You have my word

One word can change your life.

If you’re reading this, you’ve attempted suicide at least once

Processed with VSCO with a6 preset

I know this is a bold and brazen statement to make when I know nothing of your life. Even if you haven’t actually tried to kill yourself, I am certain the thought has crossed your mind because light can’t always be seen from the darkness. This is not a judgement; this is for me as much as it is for you.

If you are reading this and have escaped the untimely claws of death then let me tell you I am glad you’ve made it so far. I am glad the blade didn’t cut deep enough, the gas didn’t work fast enough, the words didn’t shatter hard enough, the platform wasn’t high enough, the pills didn’t poison your insides enough, the rope didn’t hold long enough, the water didn’t flood deeply enough, the darkness wasn’t thick enough.

I am glad that you are breathing – even through corrupted lungs. I am glad you get to witness another day. I am glad you are reading this. I am glad you are here and because of that I am not alone. You are not alone either and perhaps that’s the point of it all. Look closely and you’ll notice that the difference between “living” and “loving” is one letter. Perhaps if we focus more on loving each other we’ll do better at living together – less alone.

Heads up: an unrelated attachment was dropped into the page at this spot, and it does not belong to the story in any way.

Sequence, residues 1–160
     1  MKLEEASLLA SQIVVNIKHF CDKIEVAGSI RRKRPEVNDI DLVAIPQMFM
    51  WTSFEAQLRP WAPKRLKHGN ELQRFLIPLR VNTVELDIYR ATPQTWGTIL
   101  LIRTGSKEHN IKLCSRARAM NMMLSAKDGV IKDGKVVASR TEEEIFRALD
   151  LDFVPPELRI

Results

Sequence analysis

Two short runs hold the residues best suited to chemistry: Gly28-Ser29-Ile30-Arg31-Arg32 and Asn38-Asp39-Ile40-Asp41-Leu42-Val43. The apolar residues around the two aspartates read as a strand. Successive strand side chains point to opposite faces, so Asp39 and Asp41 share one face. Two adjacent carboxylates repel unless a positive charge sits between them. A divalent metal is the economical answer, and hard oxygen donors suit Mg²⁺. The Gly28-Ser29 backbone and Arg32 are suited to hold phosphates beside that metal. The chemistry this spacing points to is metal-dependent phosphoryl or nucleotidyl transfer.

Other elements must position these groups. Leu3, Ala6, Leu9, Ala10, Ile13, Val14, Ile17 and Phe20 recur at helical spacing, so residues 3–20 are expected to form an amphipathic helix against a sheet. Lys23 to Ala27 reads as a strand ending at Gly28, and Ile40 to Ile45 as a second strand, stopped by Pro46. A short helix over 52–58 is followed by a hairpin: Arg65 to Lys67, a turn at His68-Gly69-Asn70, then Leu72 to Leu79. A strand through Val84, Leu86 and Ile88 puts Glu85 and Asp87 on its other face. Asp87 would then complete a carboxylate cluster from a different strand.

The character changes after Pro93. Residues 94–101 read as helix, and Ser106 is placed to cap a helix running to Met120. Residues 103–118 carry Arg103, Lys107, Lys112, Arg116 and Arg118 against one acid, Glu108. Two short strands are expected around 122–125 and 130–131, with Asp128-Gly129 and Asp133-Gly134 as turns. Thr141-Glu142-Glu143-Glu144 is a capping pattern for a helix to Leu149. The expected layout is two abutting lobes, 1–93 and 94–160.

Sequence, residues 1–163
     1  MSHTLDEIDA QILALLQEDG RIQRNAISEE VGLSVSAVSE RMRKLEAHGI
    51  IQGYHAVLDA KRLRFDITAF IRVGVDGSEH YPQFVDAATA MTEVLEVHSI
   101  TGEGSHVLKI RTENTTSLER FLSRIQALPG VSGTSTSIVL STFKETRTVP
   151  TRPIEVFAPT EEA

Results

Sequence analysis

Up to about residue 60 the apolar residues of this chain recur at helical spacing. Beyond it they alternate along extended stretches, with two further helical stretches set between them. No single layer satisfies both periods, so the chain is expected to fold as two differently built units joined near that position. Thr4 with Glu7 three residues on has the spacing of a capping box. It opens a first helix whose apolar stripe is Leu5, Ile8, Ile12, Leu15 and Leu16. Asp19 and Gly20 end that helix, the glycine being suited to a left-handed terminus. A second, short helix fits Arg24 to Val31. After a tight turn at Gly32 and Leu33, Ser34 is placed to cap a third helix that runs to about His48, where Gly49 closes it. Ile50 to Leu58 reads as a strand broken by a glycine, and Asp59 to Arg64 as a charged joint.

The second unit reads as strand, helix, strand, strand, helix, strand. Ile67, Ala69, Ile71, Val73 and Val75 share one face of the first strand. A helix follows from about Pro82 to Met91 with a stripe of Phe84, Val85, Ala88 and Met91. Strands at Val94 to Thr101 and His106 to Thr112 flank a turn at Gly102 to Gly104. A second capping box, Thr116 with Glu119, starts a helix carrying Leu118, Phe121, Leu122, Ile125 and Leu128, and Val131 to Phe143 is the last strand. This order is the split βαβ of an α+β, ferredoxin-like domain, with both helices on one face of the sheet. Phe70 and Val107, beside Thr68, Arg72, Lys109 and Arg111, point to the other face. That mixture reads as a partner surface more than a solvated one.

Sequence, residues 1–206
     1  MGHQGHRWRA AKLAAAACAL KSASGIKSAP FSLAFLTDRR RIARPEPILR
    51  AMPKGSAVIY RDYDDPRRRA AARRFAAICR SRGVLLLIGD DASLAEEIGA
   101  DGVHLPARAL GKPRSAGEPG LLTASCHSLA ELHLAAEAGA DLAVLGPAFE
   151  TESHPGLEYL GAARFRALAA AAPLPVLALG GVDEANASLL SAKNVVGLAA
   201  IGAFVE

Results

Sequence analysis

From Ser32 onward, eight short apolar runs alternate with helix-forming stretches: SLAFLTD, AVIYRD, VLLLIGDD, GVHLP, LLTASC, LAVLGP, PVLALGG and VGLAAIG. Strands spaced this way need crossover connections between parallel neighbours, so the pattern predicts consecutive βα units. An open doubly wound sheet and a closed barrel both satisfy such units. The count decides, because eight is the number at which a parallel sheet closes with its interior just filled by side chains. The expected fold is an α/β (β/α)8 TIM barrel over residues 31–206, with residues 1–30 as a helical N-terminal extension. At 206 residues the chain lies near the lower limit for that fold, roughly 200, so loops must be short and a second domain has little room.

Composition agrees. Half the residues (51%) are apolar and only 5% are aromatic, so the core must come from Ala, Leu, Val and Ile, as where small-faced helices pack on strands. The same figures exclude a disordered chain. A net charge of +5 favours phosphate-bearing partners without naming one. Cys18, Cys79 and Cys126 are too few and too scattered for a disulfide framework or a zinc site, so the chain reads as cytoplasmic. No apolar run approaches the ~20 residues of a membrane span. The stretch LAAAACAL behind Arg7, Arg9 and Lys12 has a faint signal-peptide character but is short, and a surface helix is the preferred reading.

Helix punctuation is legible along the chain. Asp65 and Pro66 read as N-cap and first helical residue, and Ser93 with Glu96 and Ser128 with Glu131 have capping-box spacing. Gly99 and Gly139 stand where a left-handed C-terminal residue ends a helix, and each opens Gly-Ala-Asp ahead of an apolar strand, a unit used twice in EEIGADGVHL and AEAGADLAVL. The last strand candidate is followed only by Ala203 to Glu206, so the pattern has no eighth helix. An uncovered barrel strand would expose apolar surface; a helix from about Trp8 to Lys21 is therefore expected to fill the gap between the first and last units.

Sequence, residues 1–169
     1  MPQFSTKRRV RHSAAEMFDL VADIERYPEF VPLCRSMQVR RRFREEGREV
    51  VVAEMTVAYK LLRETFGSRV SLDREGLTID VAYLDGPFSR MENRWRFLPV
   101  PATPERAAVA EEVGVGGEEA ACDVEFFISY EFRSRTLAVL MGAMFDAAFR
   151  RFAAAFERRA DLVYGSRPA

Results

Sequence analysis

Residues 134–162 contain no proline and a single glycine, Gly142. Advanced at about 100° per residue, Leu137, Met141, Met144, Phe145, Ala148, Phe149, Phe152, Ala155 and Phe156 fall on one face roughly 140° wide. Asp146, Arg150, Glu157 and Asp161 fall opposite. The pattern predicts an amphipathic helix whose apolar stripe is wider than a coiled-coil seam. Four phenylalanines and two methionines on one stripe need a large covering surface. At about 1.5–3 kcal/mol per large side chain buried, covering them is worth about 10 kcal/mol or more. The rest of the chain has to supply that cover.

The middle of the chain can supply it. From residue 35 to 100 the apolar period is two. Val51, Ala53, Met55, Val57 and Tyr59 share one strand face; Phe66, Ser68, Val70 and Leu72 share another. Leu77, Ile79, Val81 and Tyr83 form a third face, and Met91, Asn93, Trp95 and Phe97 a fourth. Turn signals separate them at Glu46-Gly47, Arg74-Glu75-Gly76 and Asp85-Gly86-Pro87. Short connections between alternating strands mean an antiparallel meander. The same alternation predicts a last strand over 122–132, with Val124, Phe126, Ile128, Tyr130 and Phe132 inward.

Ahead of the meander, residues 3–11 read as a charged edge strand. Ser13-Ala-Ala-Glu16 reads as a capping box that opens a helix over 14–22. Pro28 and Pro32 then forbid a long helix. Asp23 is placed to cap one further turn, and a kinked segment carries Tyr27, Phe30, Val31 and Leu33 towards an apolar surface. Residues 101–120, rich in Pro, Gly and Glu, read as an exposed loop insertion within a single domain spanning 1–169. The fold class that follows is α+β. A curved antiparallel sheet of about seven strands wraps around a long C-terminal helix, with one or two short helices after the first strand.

Loving is a strange concept when it’s a wrestle to even acknowledge you’re worth something, but stick with me for a short while…

See, loving (read: “living”) is not some abstract, esoteric, out-of-touch, emotionally-charged feeling reserved for those lucky enough to find their soulmate. Loving (read: “living”) is for all of us. It’s practical. If loving (read: “living”) doesn’t involve action – a doing word – then it carries no meaning. Ergo, if living doesn’t involve action it carries no meaning.

Loving is easier than we make it out to be; living is easier than we make it out to be. It’s the dying that requires hard work. It’s the giving up and giving in that requires planning and effort but ultimately stops us from moving… stops us from meaning. It’s our resolve to fight for meaning that keeps us in motion; our resolve allows us to love and to live.

The fight for meaning looks different for everyone; it looks different for me and it looks different for you. The fight for meaning sometimes looks like excavating yourself from under the covers after a night of weeping. Sometimes it looks like habitually making a cup of coffee in the morning because this small ritual gives you purpose. Sometimes the fight takes the form of religion, sport, art, sleep, parties, treatment or travel. Sometimes the fight is finding yourself on the doorstep of a friend quietly asking if you can stay a while.